Hello and Happy New Year!  Becky and I took a holiday break from the blog to enjoy family and relax, but we are so excited to be back in the action! I don’t know about you but typically we spend our holidays eating too much, watching too many movies, and playing in the snow! But for some of us (i.e. our good friends Zach and Lori), they found time this holiday to re-do their basement bathroom! They invited us over to help out and document the process so we could learn how to tile too (and share with you!)! And while tiling is, in fact, a lot of work, it really isn’t as daunting as you might think once you know which tools to use and how to do it.

photo 4

When I finally sat down to edit the pictures and put together the instructions for this post I realized that there are over 25+ pictures and WAY too many details to bombard you with in just one post.  (Plus it is a lot to write in one sitting!) So this will just be the beginning of “How to tile your bathroom in 3 days or less!”  Yes…I said 3 days.

Day 1: Zach and Lori prepped the bathroom the day before we got there.

Day 2: We laid tile using mortar (i.e. “glue”) and spacers. The mortar needs at least 12 hours to dry (i.e. overnight).

Day 3: Lori and Zach applied the grout and let it dry….the sealer actually has to be applied a few days later but is a small finishing touch so the heavy work is mostly done by Day 3.  Follow the steps for Day 1 below!

photo 2-2

Aren’t the floors gorgeous?! Zach and Lori found amazing porcelain tile called American Estates ‘Marazzi.’  The tile comes in 6″ and 9″ width selections, and 36″ in length.  The tile color and texture gives it a similar look to wood flooring.  Using very small grout lines, you can accomplish a wood appearance with the durability of tile.

2 Tile Sizes

For part 1 of “How to Tile Your Bathroom,” we will cover how to prep the bathroom.  In the next post, we will cover how to lay the tile and grout!

***Note:  There are more steps you need to do if you are tiling a bathroom on a wood floor versus on a concrete floor.  For those of you that have basements, your main floor and second story have a wood base. The basement has the concrete flooring from the foundation of the house.  This specific tile job was done in the basement bathroom so it already had the concrete flooring (which is the easier route).  For extra prep steps to tile a wood floor, check out this link.

HOW TO PREP THE BATHROOM:

Zach and Lori first removed the quarter round moulding from the trim using a putty knife and small crow bar.  The quarter round is nailed into the trim with thin, long nails.

2nd pic Remove quarter round Better

They also removed the toilet so that the tile would fit snug against the plumbing. I’m not going to describe how to remove a toilet here but Zach says it is not that difficult.  Check out this link if you need more details on how to remove the toilet.

Remove Toilet

Because you will be laying tile to replace the linoleum (which is much thicker), you will need to also replace the transition strip that goes between the carpet and tile. You can buy inexpensive strips at Home Depot and cut them to whatever size you need using a saw. To pull back the carpet, just unhook it from the tiny nails that are holding it in place.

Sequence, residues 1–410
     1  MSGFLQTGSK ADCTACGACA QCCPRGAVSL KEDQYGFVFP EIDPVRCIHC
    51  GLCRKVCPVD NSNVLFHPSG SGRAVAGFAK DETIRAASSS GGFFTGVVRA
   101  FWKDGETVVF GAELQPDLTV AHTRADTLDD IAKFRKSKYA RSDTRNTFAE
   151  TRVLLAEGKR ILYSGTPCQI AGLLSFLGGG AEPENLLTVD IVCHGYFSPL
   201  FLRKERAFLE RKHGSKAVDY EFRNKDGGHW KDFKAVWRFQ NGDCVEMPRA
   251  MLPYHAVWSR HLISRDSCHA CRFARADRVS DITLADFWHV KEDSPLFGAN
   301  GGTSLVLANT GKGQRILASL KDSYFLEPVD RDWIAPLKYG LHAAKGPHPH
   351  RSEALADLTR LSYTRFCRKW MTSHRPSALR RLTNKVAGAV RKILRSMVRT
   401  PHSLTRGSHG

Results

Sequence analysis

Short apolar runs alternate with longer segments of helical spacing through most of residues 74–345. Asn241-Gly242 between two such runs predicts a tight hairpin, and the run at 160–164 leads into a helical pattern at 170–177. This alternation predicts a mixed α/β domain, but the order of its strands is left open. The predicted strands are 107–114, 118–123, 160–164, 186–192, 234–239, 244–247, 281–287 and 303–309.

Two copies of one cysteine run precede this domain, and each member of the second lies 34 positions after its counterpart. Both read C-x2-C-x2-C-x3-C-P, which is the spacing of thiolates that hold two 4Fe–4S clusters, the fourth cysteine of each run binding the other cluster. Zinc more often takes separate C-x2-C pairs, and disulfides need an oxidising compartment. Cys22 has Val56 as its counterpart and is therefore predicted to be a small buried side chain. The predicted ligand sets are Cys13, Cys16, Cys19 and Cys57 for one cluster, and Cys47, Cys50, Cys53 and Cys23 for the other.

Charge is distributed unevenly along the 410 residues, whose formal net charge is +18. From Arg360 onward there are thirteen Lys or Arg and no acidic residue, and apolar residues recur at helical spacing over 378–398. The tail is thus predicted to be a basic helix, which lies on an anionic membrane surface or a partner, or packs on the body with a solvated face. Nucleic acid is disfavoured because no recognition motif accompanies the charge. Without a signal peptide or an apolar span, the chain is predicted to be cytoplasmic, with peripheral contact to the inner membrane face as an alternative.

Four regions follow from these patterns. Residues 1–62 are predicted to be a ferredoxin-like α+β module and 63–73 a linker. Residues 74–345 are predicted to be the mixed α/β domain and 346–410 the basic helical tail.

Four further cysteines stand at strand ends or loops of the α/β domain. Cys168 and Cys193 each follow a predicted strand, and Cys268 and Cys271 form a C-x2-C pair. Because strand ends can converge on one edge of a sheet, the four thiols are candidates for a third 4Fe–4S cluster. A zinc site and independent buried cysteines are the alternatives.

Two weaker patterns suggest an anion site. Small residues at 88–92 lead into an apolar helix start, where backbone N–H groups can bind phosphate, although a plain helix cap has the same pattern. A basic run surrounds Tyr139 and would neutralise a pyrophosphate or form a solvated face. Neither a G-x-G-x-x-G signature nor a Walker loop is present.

Unattach carpetHere is the strip we cut for our door transition…

Carpet to tile transition

Luckily, the linoleum wasn’t glued to the concrete so we were able to pull it up very easily. If your linoleum is glued to the floor, you will need to use lots of elbow grease and google the instructions based on the issue you have! :)

Remove linoleum

We also prepped the door casing in the bathroom by cutting out the very bottom in the same thickness that our tile would be.  Cut out a section where the tile can fit under to hide any uneven edges.  We used a piece of cardboard (placed on top of a tile) as the measurement since the cardboard would be a similar thickness to the mortar.  Holding an oscillating power multi-tool steadily on top of the cardboard,  we quickly and easily cut out the wood pieces.

Cut door frame

 

Base of door frame removed

Make sure to sweep, vacuum and mop before beginning to think about laying the tile.  All of the dust must be removed.

Here is an action shot of the guys (Zach and Shawn) cutting out the door casing! Zach and Lori were so patient to teach us how to do all of this! (And this was the only second of the day that Zach had a coffee mug in hand – don’t be fooled by how easy he is making it look!) :)

photo-47One last thing you need to check before you begin Part II (of actually laying the tile), is that you need to ensure that your floor is level – especially around the toilet. At least level enough that when you lay down one tile (without mortar at first) it doesn’t rock in place. If you find that your floor is out of level, significantly enough that you have a lot of tiles that are rocking, you can use a floor leveling mortar and follow the instructions on the bag to get your floor back into a level state. There are other under-tile options to address issues like floors that move or have water barrier problems. All of these products can be found at your local home improvement store.

Now that the linoleum flooring, toilet, and molding are removed….we are ready to lay tile! Stay tuned for the next installment! :)

Comments are closed.